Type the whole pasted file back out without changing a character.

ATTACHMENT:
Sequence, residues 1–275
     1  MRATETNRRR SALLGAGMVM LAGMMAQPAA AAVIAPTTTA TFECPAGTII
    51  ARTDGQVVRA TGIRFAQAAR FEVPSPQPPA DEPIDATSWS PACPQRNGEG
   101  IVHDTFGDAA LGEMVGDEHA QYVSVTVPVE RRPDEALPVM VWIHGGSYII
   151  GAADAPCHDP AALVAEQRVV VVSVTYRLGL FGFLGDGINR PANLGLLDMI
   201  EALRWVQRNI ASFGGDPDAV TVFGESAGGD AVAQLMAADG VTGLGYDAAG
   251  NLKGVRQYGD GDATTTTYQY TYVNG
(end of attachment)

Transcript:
Sequence, residues 1–275
     1  MRATETNRRR SALLGAGMVM LAGMMAQPAA AAVIAPTTTA TFECPAGTII
    51  ARTDGQVVRA TGIRFAQAAR FEVPSPQPPA DEPIDATSWS PACPQRNGEG
   101  IVHDTFGDAA LGEMVGDEHA QYVSVTVPVE RRPDEALPVM VWIHGGSYII
   151  GAADAPCHDP AALVAEQRVV VVSVTYRLGL FGFLGDGINR PANLGLLDMI
   201  EALRWVQRNI ASFGGDPDAV TVFGESAGGD AVAQLMAADG VTGLGYDAAG
   251  NLKGVRQYGD GDATTTTYQY TYVNG